And while I’m being picky, the Heinlein novella should properly be “The Devil Makes the Law”.

    That’s the title I nominated it under. I’ll have to dig out the concordance to check the revision history, though I suspect I know the story well enough that I could spot any revisions by getting out the original pulp and reading it. I think when the wife moved out, she left all the Heinlein, including that, which was a Christmas gift for her.

    And I, too, nominated “The Bleak Short”, and am sorry not to see it on the ballot.

  15. I’m glad to see the Borges; nominating that was the main reason I sent in a retro Hugo nominating ballot.

    Am I correct that this is the first time a non-English work has made the ballot (regular or retro) based on the year of original rather than translated publication?

  16. Why is Batman listed without any creators? Surely that’s the worst possible resolution to the question of whether to put Kane or Finger first…

  17. I pride myself on being obscure, but I’ve never heard of Kallocain by Karin Boye (Bonnier). I’ve never heard of the work or the author.

    I was expecting to vote for Typewriter in the Sky, but it obviously didn’t make the ballot.

  18. Many of you may not be aware that Bill Rotsler is still eligible for the fan artist Hugo years after he has died. He was so prolific during his lifetime, that there are still new Rotsler illos appearing. I imagine something similar must be the case with Lovecraft. He was a prolific amateur publisher and letter writer. If one of his letters was originally published in 1940, he is eligible.

  19. After the nominations closed, I thought of one possibility for best related work. S. J. Perlman wrote a parody of Captain Future and the Space Emperor titled Captain Future, Block That Kick. It appeared in the New Yorker in 1940.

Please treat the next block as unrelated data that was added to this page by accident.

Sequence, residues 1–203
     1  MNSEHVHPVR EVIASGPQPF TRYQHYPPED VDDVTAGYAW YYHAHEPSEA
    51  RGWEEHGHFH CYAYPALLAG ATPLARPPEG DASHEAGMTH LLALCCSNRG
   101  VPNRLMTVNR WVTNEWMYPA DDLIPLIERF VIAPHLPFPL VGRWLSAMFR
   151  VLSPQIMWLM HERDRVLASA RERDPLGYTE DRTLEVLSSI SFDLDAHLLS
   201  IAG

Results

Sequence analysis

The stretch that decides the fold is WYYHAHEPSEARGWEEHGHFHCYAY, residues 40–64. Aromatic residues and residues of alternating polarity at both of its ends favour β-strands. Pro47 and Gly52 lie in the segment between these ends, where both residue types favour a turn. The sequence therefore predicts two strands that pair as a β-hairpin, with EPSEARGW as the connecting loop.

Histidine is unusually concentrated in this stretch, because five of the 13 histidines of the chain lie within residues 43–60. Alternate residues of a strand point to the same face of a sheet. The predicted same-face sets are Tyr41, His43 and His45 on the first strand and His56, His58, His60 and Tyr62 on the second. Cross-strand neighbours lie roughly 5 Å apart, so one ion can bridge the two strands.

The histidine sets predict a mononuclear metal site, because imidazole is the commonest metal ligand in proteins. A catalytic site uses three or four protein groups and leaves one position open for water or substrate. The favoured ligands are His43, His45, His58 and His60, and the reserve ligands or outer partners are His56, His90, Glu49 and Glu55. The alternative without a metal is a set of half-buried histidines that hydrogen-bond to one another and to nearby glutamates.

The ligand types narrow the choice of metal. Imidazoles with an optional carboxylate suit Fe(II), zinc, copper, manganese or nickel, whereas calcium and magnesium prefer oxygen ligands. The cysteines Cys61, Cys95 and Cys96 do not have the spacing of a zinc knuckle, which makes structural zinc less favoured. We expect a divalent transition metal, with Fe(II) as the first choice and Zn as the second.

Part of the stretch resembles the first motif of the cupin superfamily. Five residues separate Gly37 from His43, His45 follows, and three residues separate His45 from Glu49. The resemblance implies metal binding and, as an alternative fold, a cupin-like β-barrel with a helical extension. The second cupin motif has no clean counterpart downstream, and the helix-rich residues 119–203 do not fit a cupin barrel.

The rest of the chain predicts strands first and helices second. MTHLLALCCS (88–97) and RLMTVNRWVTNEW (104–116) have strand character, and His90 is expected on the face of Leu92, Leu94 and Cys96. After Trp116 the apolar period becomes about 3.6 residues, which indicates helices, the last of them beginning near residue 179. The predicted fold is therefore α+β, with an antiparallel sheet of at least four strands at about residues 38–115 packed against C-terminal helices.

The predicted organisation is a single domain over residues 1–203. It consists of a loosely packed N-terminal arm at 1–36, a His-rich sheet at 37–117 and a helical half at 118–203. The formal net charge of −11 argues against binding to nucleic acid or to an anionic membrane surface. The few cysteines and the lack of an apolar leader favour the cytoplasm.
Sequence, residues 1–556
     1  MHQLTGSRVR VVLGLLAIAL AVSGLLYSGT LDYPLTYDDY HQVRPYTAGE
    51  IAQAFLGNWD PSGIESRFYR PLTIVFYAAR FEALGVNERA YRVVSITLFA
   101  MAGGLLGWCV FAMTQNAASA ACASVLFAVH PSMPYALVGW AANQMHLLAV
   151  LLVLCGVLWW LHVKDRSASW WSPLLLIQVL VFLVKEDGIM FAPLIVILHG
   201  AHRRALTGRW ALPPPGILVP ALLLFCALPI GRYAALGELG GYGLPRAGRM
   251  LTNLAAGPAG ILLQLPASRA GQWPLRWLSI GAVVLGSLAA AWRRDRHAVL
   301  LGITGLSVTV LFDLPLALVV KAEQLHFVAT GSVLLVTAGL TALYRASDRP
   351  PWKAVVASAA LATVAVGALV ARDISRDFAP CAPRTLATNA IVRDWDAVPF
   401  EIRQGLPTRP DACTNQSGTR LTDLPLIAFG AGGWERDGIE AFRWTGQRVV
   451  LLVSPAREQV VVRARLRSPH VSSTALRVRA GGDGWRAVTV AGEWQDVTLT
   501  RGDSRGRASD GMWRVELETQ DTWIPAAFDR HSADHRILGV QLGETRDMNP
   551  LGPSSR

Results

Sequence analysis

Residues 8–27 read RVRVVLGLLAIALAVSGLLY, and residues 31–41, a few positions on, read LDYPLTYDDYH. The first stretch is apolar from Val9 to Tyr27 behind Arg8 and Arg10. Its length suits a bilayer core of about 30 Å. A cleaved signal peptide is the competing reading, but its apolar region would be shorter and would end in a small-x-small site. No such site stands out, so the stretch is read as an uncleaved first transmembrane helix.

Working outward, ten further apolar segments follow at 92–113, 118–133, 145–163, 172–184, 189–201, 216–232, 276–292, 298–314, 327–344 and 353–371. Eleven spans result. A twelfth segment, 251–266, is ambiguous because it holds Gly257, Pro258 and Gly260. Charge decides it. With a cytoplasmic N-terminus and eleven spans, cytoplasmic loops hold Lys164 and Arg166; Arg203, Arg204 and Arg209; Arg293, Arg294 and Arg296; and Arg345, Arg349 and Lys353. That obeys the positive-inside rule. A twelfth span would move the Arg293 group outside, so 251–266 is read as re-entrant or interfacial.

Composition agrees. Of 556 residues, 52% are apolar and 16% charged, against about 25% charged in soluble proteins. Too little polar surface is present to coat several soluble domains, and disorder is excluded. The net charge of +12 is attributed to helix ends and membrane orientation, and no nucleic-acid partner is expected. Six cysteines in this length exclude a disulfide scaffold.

20. @Vicki Rosenzweig: There are two this year, and the other is listed first 🙂

    @Milt Stevens: Kallocain is one of the true classics of dystopian literature, right up there with Yevgeny Zamyatin’s We, Aldous Huxley’s Brave New World, George Orwell’s 1984, or Ray Bradbury’s Fahrenheit 451. She was and is one of Sweden’s most celebrated poets, one of those that just about every Swede can quote a few lines from.

  21. Malcolm Edwards: van Vogt’s “Vault of the Beast”

    Mentioning the story reminds me how important it was considered in the development of sf at the time I started reading in the late 1960s. Van Vogt’s fiction, generally, does not seem to have weathered the years. Yet it was just 20 years ago Van Vogt was recognized with a special committee award at L.A.con III, and Harlan Ellison was the presenter.

  22. My own thoughts on Kallocain were that it would have been a classic of dystopian literature if it had been finished properly – the cop-out “Rocks fall, everybody dies” ending cuts short a very interesting developing situation. Frankly, I found it deeply, deeply unsatisfying. Effectively, it’s half of a very good book, and that annoys me.